Fritillarias are the talk of the town
There are many beautiful spring flowering bulbs, but none are as striking as the Fritillaria genus. There are approximately a hundred species but only a few are grown commercially. They are naturally found around the globe from Eastern Europe, North Africa, the Mediterranean, Great Britain, temperate Asia and North America.
Fritillaries are members of the lily family and grow from bulbs. Unlike typical bulbs that are planted pointed end up, fritillaries have a dent or hole in the top of the bulb. To prevent them from rotting, place them on their sides so water doesn’t collect in the concave part of the bulb. Plant in September and October in well-drained soil. If drainage is inadequate, the bulbs will rot in the ground.
Allow the leaves to yellow and die-down naturally. Cutting them off while they are still green prevents them from making new flowers for next year. A winter mulch improves hardiness and a summer mulch is also beneficial.
Plant smaller varieties, such as the checkered lilies, where they will be cherished and admired for their delicate appearance and unusual patterned petals. All fritillaries are suitable for sunny borders, meadows, rockeries, containers and anywhere they can spread.
Fritillaries form colonies and are easily propagated by separating individual bulbs from established clumps. Do this in late summer. Pot up any small bulbils and grow them on for a couple of years until they are large enough to plant out. Another option is to collect and sow their seeds in autumn through early winter and cover with a pane of glass. Once they have germinated, grow on in their pots for two years before planting in the garden.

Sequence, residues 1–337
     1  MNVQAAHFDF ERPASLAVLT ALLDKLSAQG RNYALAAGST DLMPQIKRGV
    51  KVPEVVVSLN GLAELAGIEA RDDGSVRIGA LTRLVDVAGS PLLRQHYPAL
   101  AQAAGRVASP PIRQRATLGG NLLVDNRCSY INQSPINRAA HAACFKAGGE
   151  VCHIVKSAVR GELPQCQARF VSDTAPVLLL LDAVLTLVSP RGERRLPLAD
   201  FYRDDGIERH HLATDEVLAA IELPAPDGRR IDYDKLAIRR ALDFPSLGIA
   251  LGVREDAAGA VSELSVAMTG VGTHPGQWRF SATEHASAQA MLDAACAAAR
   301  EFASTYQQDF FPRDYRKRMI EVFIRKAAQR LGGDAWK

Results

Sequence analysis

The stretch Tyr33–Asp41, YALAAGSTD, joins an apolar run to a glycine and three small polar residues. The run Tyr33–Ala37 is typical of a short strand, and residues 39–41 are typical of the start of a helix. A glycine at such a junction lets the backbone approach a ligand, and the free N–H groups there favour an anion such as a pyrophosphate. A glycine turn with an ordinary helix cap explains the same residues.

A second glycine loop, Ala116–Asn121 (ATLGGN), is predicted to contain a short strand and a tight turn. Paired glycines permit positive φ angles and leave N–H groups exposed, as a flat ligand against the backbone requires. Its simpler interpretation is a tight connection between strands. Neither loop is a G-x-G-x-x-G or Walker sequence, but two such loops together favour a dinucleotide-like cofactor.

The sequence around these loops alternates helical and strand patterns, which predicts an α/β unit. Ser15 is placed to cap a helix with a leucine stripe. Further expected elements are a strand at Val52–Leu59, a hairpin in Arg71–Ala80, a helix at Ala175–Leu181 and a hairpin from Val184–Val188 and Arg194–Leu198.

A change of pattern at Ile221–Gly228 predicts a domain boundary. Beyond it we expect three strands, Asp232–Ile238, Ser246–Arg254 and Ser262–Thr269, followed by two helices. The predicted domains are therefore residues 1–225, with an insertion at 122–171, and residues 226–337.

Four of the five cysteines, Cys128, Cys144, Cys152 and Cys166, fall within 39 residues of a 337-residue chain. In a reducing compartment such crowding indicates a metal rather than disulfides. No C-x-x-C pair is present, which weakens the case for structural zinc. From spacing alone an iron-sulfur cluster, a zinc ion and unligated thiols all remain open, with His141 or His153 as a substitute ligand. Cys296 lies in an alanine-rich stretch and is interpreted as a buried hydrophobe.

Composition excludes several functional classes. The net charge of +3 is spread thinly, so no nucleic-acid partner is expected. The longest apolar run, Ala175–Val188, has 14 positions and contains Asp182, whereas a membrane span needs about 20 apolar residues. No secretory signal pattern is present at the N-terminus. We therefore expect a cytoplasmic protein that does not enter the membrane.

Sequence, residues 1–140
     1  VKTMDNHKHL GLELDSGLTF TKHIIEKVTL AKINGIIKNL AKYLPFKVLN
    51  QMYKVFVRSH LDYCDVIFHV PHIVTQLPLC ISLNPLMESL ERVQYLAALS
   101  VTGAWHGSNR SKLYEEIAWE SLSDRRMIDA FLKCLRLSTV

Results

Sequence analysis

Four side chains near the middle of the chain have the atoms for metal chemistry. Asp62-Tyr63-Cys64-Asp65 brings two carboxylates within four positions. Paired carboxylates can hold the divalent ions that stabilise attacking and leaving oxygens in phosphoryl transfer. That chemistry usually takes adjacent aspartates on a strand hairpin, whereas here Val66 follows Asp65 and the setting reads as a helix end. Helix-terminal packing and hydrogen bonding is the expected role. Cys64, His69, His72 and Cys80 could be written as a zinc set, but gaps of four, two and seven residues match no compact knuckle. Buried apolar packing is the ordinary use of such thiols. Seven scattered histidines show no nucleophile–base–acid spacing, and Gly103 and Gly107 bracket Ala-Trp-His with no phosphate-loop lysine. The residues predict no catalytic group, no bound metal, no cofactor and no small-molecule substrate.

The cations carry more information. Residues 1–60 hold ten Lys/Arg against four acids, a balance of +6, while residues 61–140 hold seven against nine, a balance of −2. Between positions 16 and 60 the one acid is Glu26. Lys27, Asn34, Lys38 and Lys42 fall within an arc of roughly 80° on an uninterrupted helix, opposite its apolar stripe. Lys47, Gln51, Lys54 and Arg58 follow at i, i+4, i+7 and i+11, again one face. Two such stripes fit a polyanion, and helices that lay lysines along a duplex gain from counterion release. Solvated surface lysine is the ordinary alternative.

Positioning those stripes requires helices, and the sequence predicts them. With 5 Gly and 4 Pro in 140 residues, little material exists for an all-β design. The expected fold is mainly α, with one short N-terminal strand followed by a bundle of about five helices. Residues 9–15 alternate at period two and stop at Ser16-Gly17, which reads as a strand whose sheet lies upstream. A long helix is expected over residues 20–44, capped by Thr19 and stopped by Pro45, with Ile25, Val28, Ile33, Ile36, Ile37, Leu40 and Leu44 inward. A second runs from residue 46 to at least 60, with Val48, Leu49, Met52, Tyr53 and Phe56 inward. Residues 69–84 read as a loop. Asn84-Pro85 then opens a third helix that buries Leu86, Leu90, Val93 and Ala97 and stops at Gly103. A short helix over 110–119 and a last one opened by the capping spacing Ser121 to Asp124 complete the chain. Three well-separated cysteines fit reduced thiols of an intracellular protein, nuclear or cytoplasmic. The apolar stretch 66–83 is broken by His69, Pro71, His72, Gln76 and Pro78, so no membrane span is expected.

Types of Fritillaries
Crown Imperial (F. imperialis) is the largest and most exotic of all the fritillarias. It makes a bold, beautiful and colourful statement that attracts attention. They are tallest of the group growing 3 to 4 feet tall. Flowers form atop their strong erect stems in May to June. Showy, fragrant orange, yellow or red bells encircle the tip of the stem with a downward nod. Leaves are lance shaped and wavy. They whorl around the stem and at the top of the spectacular flowers. Crown imperials are indigenous from Southwestern Asia to the Himalayas, and are hardy from USDA Zones 5 to 8. The do best if full sun, but tolerate light shade. Prefer an organic rich soil with good drainage. Plant bulbs on the side, 6 inches deep and 10 inches apart.
Checkered Lily, Snakes’s Head Fritillary (F. meleagris) bear remarkable nodding boxy bell-shaped flowers with a purple or white checkerboard pattern. They are indigenous to Great Britain, Europe and Western Asia and establish colonies in organic rich, well drained soils. They grow in sun, part sun and dappled shade. Flowers are usually solitary on slender stems that grow up to 15 inches tall. Blossoms throughout the month of April and as they age, their petals reflex backwards, exposing their stamens. Plant bulbs in autumn, 3 inches deep spaced 3 inches apart. USDA Zones 3 to 8.
Chocolate and Checker lily (F. affinis) (syn. F. lanceolate) is native along the Pacific coast of British Columbia, California into Nevada, Montana and Idaho. It prefers cool summers with moist rich soil that has good drainage. . Grow in full sun to partial shade. There tiny bulbs resemble rice grains and spread when conditions are suitable. Its form is variable, which means their flowers and form vary. Heights range from 4 inches to a few feet. Typically flowers are dull dark purple with a checkered mottled appearance with tint of green or yellow. As their nodding flowers age, their petals curl backwards. USDA Zones 4 to 8.
Persian lily (F. persica) as it names indicates is indigenous to Iran, Turkey and Jordan. Flowers are borne on elegant 3 foot tall spikes with pendant bell flowers in deep purple or ivory. They bloom in May to June from a base of grey-green, twisted lance-shaped leaves. A rich loam with excellent drainage is required for longevity and naturalizing. They do best in full sun. Plant bulbs 6 inches deep and space them 9 inches apart. USDA Zones 5 to 8.